I have found that a helpful pattern of repentance is recognize, confess, and repent. Recognize that you were silent about the gospel or about Jesus when you know that the Holy Spirit was prompting you to speak. Recognition leads to confession of the sin. You agree with the Lord that you have willfully disobeyed and have been silent when you know that you were to speak. Having confessed the sin, you express the desire to change and to live a more obedient life. You repent of your silence or your cowardice, or you repent because you were unprepared when the Lord presented you with a gospel opportunity. In repentance, you turn away from the sin and you turn toward the obedient behavior. You pray for boldness and courage and confident obedience (Eph. 6:19-20; Acts 5:41; Col. 4:5-6; Rev. 2:10) and continue to press toward the prize with renewed vigor.

The point is that FoM that silences or softens my witness is sin and so should be treated as any other sin. We should quickly establish a plan of repentance from that sin so that it does not occur again. Put to death (Col. 3:5) the “fear of man” in any and every way that you can.

PAUL AS OUR EXAMPLE FOR ZEAL

When it comes to zealously proclaiming the gospel, Paul is our example. There was nothing that could prevent Paul from gospel proclamation. In his ministry, he had every opportunity to shrink back from telling about Jesus and he never did. (Acts 9 in Damascus – brand-new convert threatened with death; Acts 14 in Derbe and Lystra – stoned for preaching the gospel; Acts 17 in Athens – philosophers to impress; Acts 24 before Felix – preached righteousness and the coming judgment to the man who could set him free; Acts 26 before Agrippa and Festus – preached Christ before the king and the governor)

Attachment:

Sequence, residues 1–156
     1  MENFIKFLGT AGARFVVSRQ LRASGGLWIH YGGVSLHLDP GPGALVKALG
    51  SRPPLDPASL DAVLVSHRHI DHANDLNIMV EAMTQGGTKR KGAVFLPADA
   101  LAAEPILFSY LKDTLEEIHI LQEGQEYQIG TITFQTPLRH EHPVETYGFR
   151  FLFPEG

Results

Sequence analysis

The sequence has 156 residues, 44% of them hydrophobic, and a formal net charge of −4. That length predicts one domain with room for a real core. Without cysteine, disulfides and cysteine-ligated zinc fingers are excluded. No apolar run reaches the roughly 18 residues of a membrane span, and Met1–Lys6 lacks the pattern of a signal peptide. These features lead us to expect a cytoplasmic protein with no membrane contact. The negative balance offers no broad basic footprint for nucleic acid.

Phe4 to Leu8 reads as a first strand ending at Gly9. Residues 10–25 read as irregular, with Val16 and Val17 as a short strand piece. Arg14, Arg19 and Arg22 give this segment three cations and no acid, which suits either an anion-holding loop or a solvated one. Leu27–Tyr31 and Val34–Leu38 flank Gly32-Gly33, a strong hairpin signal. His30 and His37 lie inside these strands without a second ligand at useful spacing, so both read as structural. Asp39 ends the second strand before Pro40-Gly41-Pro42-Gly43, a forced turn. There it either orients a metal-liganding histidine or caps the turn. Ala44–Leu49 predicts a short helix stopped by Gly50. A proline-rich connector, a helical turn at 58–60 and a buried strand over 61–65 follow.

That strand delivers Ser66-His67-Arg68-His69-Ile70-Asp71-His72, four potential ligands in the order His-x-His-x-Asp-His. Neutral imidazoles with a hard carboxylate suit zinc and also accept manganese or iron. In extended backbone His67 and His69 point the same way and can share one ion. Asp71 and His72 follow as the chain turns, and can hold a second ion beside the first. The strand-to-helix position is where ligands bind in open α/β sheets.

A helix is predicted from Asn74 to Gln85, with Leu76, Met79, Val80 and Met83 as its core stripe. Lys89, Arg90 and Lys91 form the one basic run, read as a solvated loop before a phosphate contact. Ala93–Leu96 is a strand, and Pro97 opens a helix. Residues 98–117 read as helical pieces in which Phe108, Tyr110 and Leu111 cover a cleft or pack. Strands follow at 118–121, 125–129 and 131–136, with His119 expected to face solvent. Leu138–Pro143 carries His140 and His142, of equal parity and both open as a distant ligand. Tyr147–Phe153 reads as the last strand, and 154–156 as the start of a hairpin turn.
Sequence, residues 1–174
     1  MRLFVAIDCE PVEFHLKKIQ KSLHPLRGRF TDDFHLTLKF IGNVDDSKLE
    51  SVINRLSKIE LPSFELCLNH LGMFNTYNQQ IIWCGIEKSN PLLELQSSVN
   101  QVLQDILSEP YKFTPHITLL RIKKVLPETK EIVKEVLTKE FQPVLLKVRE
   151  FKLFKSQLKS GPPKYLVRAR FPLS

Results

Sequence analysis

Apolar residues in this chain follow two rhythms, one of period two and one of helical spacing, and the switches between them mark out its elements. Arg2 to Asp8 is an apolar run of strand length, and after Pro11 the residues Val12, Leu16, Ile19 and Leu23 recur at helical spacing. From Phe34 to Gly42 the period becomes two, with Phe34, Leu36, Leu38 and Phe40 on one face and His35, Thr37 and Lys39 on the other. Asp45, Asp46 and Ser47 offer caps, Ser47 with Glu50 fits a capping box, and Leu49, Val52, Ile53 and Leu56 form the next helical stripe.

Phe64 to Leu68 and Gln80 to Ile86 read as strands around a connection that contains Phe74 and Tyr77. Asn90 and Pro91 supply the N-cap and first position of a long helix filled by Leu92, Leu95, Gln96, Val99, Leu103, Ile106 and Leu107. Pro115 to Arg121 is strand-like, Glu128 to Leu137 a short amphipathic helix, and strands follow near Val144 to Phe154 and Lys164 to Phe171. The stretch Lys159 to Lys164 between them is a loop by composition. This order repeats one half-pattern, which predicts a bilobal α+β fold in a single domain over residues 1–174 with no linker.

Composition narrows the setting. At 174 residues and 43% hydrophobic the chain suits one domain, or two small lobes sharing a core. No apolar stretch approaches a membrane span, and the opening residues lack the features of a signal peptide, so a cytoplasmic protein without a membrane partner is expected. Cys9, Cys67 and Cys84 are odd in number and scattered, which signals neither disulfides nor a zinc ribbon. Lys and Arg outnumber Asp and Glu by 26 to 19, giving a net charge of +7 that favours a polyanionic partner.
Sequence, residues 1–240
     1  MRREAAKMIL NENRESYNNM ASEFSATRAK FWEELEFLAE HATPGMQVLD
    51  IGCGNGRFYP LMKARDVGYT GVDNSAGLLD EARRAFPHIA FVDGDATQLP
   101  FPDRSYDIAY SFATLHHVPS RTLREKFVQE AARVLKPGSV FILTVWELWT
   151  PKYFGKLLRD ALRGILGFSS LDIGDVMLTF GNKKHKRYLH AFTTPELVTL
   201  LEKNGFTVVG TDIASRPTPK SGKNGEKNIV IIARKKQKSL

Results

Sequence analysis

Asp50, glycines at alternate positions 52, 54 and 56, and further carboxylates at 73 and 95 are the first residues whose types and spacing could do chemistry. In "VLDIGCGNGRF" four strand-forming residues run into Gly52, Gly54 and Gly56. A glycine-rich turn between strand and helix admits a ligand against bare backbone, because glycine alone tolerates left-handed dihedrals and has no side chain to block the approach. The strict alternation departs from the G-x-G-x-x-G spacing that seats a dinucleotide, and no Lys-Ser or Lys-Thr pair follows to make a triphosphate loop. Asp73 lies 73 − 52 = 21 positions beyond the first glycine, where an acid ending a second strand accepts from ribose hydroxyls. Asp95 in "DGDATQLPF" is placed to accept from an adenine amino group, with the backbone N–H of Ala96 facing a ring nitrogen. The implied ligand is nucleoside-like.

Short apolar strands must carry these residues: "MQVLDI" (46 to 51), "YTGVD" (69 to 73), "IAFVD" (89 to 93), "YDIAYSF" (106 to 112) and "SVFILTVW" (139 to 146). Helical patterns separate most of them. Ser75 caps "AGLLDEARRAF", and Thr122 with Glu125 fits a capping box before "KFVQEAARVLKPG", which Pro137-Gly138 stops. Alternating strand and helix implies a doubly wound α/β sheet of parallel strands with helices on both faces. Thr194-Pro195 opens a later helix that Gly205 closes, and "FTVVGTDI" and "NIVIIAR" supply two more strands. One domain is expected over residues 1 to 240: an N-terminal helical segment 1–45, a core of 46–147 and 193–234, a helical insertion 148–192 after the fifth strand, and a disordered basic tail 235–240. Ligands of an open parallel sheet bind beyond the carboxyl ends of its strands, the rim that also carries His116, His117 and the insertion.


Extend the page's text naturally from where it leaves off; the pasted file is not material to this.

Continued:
Consider this verse: “Knowing the fear of the Lord, we persuade men” (2 Cor. 5:11). Here is a classic Pauline statement that speaks directly into our current discussion. Paul was motivated by his fear of the Lord, and this compelled him to persuade men to believe the gospel. In other words, the apostle did not have a fear OF men, as though men were a threat to him, but Paul had a fear FOR men, that they would spend eternity in hell. Because Paul was zealous in his devotion to the Lord Jesus Christ, FoM had no opportunity for a foothold. Rather, when the glory of Christ and the fear of the Lord are the blaring twin trumpets in our ears, the FoM fades into the background as so much white noise.

This focus on the fear of the Lord gave Paul a zeal for the gospel. Like Paul, we should develop a zeal for Christ that cannot be silenced even by threats of death. Paul said, “Woe is me if I do not preach the gospel” (1 Cor. 9:16). For Paul, “To live is Christ and to die is gain” (Phil. 1:21). “For the love of Christ compels us” (2 Cor. 5:14). We also read that the apostle had as his controlling ambition to be pleasing to the Lord (2 Cor. 5:9). His fear of the Lord, his desire to please the Lord, and his love for the Lord worked together to create a fiery zeal for the gospel that could not be quenched. Thus, Paul provides for us an example to follow.

EXHORTATIONS TO PROCLAIM JESUS AND HIS GOSPEL

The Scriptures give us many exhortations to proclaim the gospel. The disciple of Jesus is to be a fisher of men (Matt. 4:19), an ambassador for Christ (2 Cor. 5:20), a sower of the Word (Matt. 13:3-8), and a witness for Jesus (Acts 1:8) to the remotest part of the earth. We are to “Tell of His glory among the nations” (Ps. 96:3), “Make known His deeds among the peoples” (Isaiah 12:4), and “Proclaim good tidings of His salvation from day to day” (Ps. 96:2). The disciple of Jesus is to compel, to beg, to persuade, to exhort, to urge, to reason with, and to testify to unbelievers to believe in Christ and to receive the salvation that He offers to sinners.

As those who “have been chosen of God, holy and beloved” (Col. 3:12), we put to death the sin of the fear of man as we simultaneously fan into flame our passion for the gospel.

Soli Deo Gloria            rmb                 12/21/2022                 #602